In short, we should make music to God.  

Praise him with trumpet sound;
    praise him with lute and harp!
Praise him with tambourine and dance;
    praise him with strings and pipe!
Praise him with sounding cymbals;
    praise him with loud clashing cymbals!

Do you know what all these instruments are?  A lute is nothing close to a flute, but more similar to a guitar.  The “pipe” is not something you smoke, but something that air passes through – think of a recorder or a bagpipe or even a pipe organ.  (I knew all of these Psalm 150 instruments except for the tambourine.  But after a quick google search I recognized the hand percussion instrument, just didn’t know its name.)

Worship eventually entails music, and the more musical instruments put into the service of praising God, the better.  God wants to hear a variety of sounds in his honor.  

Can we dip our toes into the philosophical for a second?  God has made us to be priests.  We stand between the creation and God, summoning the creation (even the angels!) to worship God, even arranging for them to worship God.  And think – what materials are musical instruments made with and played by?  Sheep (guts). Metals.  Elements of hydrogen and oxygen.  Wood.  In music, the image-bearer priest is directing all of these creatures to join him/her in worshipping their Creator – EUREKA!  

Of course, it’s one thing to rhapsodize about worship and music making.  But actually, what we’re talking about involves a lot of work and time and money and space and inconvenience.  Worship is easy; preparing for worship is hard.  And a lot of the difficulty is borne by the family.  Worship is a cottage industry that produces something worthwhile, but only after a lot of investment. 

Think about the labor: Find money for lessons.  Find a teacher.  (Pro tip: look for a woman from the old Soviet bloc.  They’re strict.  Serious.  And dismissive of sports and all other endeavors that don’t serve The Music).  Take child to lessons every week.  SIT THROUGH EARLY RECITALS (groan, sigh, moan).  Stay on him/her to practice.  Learn to practice efficiently.  Keep pushing the student and, if necessary, the teacher.  Think through avenues to publicly perform.  And hardest of all: keep at it.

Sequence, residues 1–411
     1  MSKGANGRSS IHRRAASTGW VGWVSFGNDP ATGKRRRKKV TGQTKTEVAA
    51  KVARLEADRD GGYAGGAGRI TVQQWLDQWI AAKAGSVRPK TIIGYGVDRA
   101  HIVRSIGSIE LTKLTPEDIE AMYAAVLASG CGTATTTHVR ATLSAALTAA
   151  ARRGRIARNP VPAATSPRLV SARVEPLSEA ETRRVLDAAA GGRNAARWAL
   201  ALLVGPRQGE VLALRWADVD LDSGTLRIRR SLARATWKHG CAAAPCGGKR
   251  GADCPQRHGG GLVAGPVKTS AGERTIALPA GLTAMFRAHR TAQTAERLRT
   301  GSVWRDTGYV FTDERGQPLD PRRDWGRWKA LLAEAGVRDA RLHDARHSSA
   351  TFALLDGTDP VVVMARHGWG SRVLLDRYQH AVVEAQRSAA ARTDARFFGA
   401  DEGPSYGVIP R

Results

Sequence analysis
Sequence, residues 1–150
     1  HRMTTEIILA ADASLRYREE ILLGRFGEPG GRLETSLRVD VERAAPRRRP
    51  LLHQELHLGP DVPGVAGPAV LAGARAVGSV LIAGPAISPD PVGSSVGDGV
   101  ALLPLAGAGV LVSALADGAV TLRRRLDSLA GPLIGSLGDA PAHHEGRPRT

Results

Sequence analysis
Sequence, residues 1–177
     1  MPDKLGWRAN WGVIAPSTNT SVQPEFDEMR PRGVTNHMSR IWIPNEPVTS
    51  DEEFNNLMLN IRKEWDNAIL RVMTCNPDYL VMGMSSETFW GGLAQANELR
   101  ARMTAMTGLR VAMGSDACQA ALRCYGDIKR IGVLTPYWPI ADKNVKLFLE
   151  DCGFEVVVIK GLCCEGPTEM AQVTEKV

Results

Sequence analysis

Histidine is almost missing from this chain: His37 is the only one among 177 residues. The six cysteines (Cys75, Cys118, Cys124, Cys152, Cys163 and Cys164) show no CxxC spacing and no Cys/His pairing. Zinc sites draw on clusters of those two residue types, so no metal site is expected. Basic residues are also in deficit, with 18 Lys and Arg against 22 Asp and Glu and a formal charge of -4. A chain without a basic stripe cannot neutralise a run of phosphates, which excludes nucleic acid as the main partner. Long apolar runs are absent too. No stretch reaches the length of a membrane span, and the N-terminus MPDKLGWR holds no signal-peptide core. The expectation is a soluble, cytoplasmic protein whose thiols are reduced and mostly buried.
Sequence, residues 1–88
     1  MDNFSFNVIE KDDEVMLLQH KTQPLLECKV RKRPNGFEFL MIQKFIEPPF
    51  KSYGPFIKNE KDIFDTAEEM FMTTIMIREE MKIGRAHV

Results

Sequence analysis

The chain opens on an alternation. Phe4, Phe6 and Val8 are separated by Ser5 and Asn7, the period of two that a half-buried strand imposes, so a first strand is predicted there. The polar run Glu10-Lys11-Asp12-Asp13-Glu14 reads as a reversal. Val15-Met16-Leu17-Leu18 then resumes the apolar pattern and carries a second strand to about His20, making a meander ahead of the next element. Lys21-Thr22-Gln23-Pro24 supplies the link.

Parents, put careful consideration into placing your children into music lessons.  If you do, dispense with the group classes (not as effective) and find a teacher.  Make sacrifices of money and time – remember worship is the end game and God is great!  Don’t cave into their complaining about practicing.  Remember, you’re the adult in the room until they can be!  

Children and young people – up your practice time’s efficiency and focus.  And maybe add more too?  

Adults – maybe you should consider taking up a musical instrument?  Shane set us a good example by, as an adult, taking up the whistles and recorders.  And now God hears also that beautiful noise from 23 Chapel every Sunday!

As we enter the last month of summer break, our rejuvenated minds will begin returning toward the labor in front of us.  In that, let’s not forget the important labor of music, that “like a brook when it trips and falls over stones,” runs toward WORSHIP.

Yours sincerely,

Colin Landry

One thought on “August 2020 Letter to the Congregation

Add yours

Leave a Reply

Fill in your details below or click an icon to log in:

WordPress.com Logo

You are commenting using your WordPress.com account. Log Out /  Change )

Google photo

You are commenting using your Google account. Log Out /  Change )

Twitter picture

You are commenting using your Twitter account. Log Out /  Change )

Facebook photo

You are commenting using your Facebook account. Log Out /  Change )

Connecting to %s

Powered by WordPress.com.

Up ↑

%d bloggers like this: